We’ve reached an interesting milestone in our training called “Frankie is dang good at his job and there’s no reason to pound on him.” What this means in practice is that we do the 1m classes at shows, and we don’t really jump a ton or very high at home. I joked that I feel like one of those ammies that toodles around at home and just shows up for competitions every so often.
Our lessons rarely go up to 3′. We don’t even jump every week. Maybe once a month (or less) we put the jumps up to competition height for a single course to check and make sure we remember how to do it. We do.
I think there’s a lot that has gone into making this a sustainable way of moving forward together.
Firstly, we spent a long time schooling 1m+ with consistency. Never a pounding, but it took a long time for Frankie to develop better body awareness and get confident navigating that height and above. We needed to school it regularly to help him build on those experiences. We could not have gotten comfortable at this height by schooling it as infrequently as we do now. We can only back off because we have something to back off from.
Secondly, he has the temperament for it. His reaction to a bigger fence has never been to back off or get flustered. We certainly don’t try to surprise him and we ramp back up to make sure he’s ready to go, but he’s easy going enough to see a bigger fence and simply put in a bigger effort. No muss no fuss.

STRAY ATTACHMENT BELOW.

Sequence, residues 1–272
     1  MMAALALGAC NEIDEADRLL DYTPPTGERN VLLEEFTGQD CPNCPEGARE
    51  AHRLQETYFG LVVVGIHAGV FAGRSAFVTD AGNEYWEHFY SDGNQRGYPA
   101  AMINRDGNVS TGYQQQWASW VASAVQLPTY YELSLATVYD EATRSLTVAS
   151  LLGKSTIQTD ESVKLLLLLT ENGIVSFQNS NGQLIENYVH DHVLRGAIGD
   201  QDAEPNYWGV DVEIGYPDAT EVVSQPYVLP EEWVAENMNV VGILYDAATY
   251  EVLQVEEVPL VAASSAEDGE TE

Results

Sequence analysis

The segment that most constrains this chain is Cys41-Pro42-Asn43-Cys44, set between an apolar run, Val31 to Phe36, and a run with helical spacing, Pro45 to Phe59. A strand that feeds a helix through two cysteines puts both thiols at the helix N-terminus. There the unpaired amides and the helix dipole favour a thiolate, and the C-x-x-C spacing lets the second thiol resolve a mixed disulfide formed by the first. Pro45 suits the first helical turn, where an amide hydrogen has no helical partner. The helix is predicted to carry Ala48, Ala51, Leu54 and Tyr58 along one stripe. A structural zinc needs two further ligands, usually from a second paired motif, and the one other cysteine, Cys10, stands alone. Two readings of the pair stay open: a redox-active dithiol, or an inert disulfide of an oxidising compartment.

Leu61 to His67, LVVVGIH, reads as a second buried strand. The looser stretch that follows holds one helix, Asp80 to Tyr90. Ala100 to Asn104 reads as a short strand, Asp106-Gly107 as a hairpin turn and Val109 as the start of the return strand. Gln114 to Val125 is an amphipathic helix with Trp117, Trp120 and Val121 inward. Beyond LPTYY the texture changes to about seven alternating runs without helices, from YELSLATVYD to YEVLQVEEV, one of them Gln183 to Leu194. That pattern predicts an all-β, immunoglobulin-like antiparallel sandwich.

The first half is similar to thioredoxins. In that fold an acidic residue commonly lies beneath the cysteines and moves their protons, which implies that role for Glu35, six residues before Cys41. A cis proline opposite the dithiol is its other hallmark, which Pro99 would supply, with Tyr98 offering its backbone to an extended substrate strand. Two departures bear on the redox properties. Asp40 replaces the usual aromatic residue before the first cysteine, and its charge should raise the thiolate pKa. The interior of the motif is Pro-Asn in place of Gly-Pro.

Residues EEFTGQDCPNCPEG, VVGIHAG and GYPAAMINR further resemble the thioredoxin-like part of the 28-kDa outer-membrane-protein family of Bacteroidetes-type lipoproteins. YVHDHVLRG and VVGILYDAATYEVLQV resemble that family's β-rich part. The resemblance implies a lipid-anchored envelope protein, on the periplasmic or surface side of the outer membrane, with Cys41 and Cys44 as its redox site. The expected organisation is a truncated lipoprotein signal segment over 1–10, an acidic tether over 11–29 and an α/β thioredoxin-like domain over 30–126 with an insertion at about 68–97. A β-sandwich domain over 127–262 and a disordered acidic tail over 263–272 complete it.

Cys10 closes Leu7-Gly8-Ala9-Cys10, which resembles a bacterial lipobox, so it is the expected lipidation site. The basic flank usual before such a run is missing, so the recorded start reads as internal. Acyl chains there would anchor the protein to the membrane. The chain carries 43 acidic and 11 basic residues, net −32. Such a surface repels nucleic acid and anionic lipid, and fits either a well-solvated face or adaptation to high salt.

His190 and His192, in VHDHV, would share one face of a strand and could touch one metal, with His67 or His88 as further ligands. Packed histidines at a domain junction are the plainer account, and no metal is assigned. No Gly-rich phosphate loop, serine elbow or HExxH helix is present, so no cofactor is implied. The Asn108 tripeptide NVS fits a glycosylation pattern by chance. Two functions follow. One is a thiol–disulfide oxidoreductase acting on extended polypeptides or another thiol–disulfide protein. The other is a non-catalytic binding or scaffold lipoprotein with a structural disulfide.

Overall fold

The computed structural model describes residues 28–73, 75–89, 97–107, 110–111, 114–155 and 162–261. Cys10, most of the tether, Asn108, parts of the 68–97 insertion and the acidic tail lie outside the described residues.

Thirdly, we have a program that keeps him fit enough to do the height. Between myself and his pro rides he is worked most days and encouraged to use himself properly. We do pole work, we do stretchy work, we do transitions, we do all the good stuff to help build muscle. And then we do lots of stretches, regular massages and chiro, veterinary maintenance as needed (yes he is incredibly spoiled). So when we do ask him for the bigger effort, he feels strong and limber enough to happily give that.
The other day we had one of our check-ins pre-Ocala. We had spent most of our lesson at around 2’6″ schooling the add, which is forever helpful for Frankie to sit and work his booty. At one point we put 7 strides in a bending that was later a comfortable 4. It was actually ridiculous. But the jumps went up to full height and I asked him to stretch out and give me a bigger step. He opened right up and went around beautifully. Trainer simply said, “Well that didn’t look like a hardship.”
So here we are. We’re saving his legs for shows, and giving him all the tools he needs to succeed. My hope is that by being careful and intentional about his workload we can keep him sound and happy in his job for many years to come!